Madison Avenue will look different after the coronavirus pandemic, which has disrupted not only marketers’ budgets but also accelerated advertising holding companies’ plans to pivot away from TV commercials and push even harder into new services to find growth.

Ad giant


PLC plans to expand its commerce, technology and experience capabilities from 25% of its business to 40% by 2025, the company said Thursday during a presentation to investors.

Potential revenue from client spending on technology, commerce and experience services is expected to grow 10% annually across the industry, while the communications segment, including traditional advertising, is only expected to grow about 1%, Chief Financial Officer

John Rogers


The company, which owns creative agencies VMLY&R and Wunderman Thompson as well as ad-buying conglomerate GroupM, also said it plans to invest in talent and technology. It will spend between £200 million and £400 million, equivalent to between $270 million and $540 million, on mergers and acquisitions annually, a small increase from recent levels, Mr. Rogers said.

WPP’s new investments will be aided by expected gross annual cost savings of £600 million by 2025, according to the company. WPP in recent years has consolidated a number of its creative and digital agencies to create a simpler structure, prioritize digital offerings and combine service offerings for clients rethinking how they reach their customers.

“Rather than acquiring a legacy business, we want to make sure clients can get the most from their data,” Chief Executive

Mark Read

said during the presentation.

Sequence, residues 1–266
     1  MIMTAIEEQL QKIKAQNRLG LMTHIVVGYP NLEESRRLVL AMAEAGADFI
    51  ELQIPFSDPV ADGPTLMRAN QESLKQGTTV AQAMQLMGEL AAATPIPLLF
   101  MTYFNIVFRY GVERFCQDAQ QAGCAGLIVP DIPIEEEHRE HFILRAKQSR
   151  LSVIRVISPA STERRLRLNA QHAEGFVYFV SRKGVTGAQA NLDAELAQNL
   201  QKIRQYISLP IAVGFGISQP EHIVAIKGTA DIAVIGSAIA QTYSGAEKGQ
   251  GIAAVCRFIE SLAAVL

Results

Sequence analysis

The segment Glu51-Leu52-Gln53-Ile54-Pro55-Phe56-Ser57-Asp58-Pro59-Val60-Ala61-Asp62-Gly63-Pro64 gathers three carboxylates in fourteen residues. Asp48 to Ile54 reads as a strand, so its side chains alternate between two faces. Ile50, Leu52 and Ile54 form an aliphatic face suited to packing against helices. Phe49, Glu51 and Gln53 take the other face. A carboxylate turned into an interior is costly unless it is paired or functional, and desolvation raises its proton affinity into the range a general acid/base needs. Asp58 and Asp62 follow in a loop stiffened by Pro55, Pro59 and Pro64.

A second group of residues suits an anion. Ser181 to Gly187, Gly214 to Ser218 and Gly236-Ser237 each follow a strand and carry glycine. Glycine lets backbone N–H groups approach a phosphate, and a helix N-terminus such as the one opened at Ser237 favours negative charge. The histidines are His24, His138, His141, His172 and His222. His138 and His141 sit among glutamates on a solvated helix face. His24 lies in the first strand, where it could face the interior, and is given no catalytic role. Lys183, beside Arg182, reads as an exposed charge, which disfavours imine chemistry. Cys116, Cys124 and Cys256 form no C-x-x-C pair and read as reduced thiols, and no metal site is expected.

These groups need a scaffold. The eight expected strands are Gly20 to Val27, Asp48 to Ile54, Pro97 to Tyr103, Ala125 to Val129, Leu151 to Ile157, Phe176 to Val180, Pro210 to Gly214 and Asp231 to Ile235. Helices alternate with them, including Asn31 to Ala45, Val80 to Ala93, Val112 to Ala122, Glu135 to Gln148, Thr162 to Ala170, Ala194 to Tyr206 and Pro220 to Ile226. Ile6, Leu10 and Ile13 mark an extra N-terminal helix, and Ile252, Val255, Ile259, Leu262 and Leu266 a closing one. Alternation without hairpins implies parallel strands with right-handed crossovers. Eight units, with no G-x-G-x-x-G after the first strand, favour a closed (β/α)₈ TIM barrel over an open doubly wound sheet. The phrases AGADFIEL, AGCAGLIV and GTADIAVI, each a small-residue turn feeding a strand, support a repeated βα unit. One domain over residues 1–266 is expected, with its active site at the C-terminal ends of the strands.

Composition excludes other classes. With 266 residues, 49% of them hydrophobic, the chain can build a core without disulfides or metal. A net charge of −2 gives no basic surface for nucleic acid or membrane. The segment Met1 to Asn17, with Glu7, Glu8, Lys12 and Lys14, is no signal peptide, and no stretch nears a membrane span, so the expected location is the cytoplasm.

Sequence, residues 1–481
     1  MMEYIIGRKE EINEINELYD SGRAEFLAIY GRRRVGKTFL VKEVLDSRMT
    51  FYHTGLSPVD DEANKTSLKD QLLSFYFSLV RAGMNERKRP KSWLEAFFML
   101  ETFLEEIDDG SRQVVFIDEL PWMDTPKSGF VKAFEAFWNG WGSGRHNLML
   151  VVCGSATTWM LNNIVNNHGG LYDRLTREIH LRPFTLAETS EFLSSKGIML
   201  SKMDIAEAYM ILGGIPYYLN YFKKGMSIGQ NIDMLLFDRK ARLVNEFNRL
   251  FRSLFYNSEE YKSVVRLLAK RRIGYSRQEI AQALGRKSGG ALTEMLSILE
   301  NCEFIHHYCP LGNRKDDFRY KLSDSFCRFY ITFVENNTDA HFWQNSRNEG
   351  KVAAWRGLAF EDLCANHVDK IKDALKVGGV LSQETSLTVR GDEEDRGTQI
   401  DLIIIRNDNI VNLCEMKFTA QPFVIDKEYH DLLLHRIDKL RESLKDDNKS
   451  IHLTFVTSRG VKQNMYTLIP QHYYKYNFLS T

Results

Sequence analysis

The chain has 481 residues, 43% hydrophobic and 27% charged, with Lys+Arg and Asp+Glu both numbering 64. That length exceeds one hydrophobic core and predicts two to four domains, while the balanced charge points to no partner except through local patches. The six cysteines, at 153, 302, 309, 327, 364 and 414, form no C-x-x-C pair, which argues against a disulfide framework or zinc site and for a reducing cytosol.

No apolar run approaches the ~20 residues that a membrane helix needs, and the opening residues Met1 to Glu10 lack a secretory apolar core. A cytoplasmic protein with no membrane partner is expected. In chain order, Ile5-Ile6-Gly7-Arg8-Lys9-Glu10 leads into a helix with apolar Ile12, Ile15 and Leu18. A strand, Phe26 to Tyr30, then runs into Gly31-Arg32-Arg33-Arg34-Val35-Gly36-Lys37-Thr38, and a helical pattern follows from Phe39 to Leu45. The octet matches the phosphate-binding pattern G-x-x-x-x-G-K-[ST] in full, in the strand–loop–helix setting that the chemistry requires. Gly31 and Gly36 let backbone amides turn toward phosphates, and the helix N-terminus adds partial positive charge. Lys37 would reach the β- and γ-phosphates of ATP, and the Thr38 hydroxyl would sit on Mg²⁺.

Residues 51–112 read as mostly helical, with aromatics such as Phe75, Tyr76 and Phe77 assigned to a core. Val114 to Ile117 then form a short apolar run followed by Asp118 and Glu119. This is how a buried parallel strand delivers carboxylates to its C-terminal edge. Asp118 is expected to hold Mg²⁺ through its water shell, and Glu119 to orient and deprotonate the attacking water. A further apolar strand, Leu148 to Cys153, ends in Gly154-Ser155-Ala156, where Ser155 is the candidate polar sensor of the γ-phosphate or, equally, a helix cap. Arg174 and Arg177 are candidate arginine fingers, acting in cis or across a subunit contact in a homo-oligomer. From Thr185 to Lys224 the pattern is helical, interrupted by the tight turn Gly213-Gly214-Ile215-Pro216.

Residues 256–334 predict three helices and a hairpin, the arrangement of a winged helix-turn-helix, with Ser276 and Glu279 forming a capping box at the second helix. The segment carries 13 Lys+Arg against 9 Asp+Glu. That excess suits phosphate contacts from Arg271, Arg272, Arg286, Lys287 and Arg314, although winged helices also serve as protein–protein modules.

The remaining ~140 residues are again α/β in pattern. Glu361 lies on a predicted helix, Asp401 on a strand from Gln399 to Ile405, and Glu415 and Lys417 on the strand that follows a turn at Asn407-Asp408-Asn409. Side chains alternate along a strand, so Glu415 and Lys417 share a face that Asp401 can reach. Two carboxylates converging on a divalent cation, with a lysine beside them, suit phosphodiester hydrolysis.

WPP has not been immune from clients’ budget cuts and shifting priorities during the pandemic as marketers raced to reach homebound consumers. The company in recent months implemented voluntary pay cuts and furloughs for some of its own employees.

Other ad holding companies are navigating the same currents.


Dentsu Inc.,

which owns creative agency McGarrybowen and ad buying shop Carat, this month announced a reorganization that will consolidate its portfolio of businesses from more than 160 brands to six global brands within two years in an effort to simplify operations and create more integrated tech- and data-focused teams. The reorganization will likely result in a 12.5% reduction in total head count across Dentsu, subject to local regulations, the company said at the time.

Dentsu attributed some changes to the unprecedented impact of the pandemic on 2020 revenue amid a slowdown in demand for services, as well as continued uncertainty and a need to refocus on higher-growth businesses.

Dentsu this year agreed to acquire the remaining stake in customer-relationship marketing firm Merkle that it did not already own, as it increasingly prioritizes the data-oriented offerings over traditional marketing services.

“Our strategy of Integrated Growth Solutions is the center-point of our vision, with particular focus on the strongest growing sectors, digital solutions and customer experience management,” the company said in a release outlining the latest changes.

Write to Alexandra Bruell at [email protected]

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